Things I Like In Games

I walked out of a game yesterday night. I spent this as cause to think about some things I like, and don’t like, when I’m playing games. (As opposed to GMing them, or indiegames with their own special frameworks; this is for games with a strong GM/player dichotomy.)

Things I like:

*Having my character be awesome. (I want the GM to be a fan of my PC.)
*Having my character regarded as awesome by NPCs. (I want NPCs to be a fan of my PC. Unless my PC’s an asshole, in which case I still want them to regard me with sufficient awe. It’s not about always getting what you want; it’s about respect.)
*Kicking ass.
*Coming up with crazy plans, implementing them, and dealing with unexpected consequences.
*Rolling giant handfuls of dice. It’s a tactile thing.
*Exploding dice. It’s extremely satisfying to pick up a die and roll it again, again, and again, and generate a huge number.
*Making tactical decisions during combat encounters. After having played games like Exalted and D&D, I tend to find that many games have too few meaningful options each turn, but generally there’s ways to give your character more solutions, or the combats are at least faster. (The tactical options in AW for example, are much less in D&D, but the combats are shorter, and really now, no one expects AW to be D&D.)
*Figuring out what’s going on ‘behind the screen,’ the ‘aha’ moment where you figure out the GM’s plan, who the killer is, how the sliding block puzzle works, or what’s at the center of the conspiracy onion when you peel all the layers away.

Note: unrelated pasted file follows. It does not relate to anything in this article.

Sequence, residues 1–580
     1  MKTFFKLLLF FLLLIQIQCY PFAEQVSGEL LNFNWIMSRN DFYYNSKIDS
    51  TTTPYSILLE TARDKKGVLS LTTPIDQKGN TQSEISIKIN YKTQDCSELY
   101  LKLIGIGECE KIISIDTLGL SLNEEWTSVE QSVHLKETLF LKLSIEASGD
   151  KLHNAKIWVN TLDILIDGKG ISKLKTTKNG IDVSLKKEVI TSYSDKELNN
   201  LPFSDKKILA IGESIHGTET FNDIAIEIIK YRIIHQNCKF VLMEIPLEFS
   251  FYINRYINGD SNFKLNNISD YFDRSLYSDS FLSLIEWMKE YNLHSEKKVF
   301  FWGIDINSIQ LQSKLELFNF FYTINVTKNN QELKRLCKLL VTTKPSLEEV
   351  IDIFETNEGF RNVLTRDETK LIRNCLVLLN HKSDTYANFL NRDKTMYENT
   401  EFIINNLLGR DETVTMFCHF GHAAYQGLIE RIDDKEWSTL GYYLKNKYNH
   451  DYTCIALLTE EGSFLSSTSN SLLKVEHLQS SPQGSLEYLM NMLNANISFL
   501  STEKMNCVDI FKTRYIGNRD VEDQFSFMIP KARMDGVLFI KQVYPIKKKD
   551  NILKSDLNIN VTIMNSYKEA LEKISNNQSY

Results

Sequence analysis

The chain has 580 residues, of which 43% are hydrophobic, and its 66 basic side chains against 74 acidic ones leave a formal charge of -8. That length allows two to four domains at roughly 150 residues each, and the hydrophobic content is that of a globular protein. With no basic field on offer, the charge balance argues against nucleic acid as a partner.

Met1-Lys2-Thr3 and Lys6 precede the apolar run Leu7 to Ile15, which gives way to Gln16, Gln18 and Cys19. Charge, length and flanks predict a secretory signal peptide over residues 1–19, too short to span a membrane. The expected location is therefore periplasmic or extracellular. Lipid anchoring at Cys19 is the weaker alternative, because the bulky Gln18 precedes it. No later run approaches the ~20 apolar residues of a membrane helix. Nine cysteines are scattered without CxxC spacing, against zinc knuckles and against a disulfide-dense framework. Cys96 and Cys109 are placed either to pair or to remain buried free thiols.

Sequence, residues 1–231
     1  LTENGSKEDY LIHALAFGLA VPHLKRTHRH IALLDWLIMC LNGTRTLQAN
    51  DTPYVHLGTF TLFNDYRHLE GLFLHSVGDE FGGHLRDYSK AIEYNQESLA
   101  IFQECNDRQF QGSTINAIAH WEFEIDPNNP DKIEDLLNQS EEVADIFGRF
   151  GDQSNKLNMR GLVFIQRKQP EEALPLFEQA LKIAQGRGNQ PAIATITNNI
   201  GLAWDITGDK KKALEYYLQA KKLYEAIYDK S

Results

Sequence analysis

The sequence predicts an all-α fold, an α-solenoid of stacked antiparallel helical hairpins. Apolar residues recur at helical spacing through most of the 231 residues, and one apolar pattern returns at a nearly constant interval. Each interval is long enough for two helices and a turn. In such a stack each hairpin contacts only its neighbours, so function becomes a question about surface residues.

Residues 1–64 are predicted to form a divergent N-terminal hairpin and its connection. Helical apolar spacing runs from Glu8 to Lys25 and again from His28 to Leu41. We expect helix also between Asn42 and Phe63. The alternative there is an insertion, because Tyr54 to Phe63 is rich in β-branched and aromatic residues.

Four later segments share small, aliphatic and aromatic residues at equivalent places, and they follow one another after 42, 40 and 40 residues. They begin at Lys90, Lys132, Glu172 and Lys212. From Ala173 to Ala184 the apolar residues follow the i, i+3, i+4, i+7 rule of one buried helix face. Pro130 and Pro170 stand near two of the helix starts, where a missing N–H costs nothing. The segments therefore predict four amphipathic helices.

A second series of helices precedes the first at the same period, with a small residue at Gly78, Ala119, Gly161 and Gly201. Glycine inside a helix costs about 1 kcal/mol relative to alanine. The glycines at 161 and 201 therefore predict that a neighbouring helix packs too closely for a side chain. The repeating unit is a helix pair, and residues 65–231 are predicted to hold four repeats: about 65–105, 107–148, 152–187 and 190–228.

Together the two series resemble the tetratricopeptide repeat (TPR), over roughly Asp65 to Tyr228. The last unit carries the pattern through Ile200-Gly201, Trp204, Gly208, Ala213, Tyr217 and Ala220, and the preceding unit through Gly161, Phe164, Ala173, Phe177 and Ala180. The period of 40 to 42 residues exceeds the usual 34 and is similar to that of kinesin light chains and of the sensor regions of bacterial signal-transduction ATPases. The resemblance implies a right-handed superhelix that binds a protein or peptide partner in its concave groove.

*Hamming it up and getting into character.
*In character hard choices.
*Earning xp, and spending it!
*First sessions that start with a bang.
*Starting in medias res, in general. It works.
*Finding awesome magic items. Especially swords.

Things I don’t like:

*Having the system or GM work to make my character be lame. I am of the opinion that the player characters should be the most awesome people in the game.
*NPCs that all act cocky, mysterious, and spout mysterious smug bullshit at the PCs, and all have the same wry knowing attitude. Especially so if its every NPC in the whole damn game.
*NPCs that don’t respect the PCs. Especially so if it’s every NPC in the whole damn game.
*Having my character’s abilities or skill rolls being mechanically irrelevant.
*Long, drawn out planning sessions. Your plan should not take more than an hour to come up with.
*Too many d4s. They’re hard to roll.
*Games with too many houserules, especially uncodified houserules. If you houserule (and there are good reasons to), keep track of them, write them down, and let your players know them. Solicit input from your players when making houserules.
*Arguing about rules, or spending too much time looking them up. I really like knowing the rules, and generally expect the GM to know the rules.
*Combat encounters with no real decisions, just dice rolling over and over until one side runs out of resources.
*The opposite of the ‘aha’ moment, the mystery that must be solved for play to move forward. Whether it be a whodunnit, a puzzletrap, or just the general social framework, this is frustrating to the players when they don’t know yet, are on a different wavelength than the GM, or whatever, and the game reaches a standstill. It’s worse if the GM accuses the players of being dumb; of course the GM knows the solution and thinks it’s simple- they know it, and in most cases, they designed the puzzle.
*A specific subset of the above, situations with “only one solution,” where any overture that the GM had not anticipated results in failure.